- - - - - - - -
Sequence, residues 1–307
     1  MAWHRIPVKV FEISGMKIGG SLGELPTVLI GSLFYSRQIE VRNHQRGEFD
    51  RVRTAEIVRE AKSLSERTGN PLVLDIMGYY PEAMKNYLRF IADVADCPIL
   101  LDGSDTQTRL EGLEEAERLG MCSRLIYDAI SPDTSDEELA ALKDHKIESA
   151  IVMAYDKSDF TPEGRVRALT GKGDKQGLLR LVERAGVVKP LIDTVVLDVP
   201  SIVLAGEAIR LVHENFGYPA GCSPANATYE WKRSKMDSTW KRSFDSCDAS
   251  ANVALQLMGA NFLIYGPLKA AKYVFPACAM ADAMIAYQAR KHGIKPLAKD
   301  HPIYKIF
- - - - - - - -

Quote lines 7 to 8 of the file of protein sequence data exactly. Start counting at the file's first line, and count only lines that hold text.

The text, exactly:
   251  ANVALQLMGA NFLIYGPLKA AKYVFPACAM ADAMIAYQAR KHGIKPLAKD
   301  HPIYKIF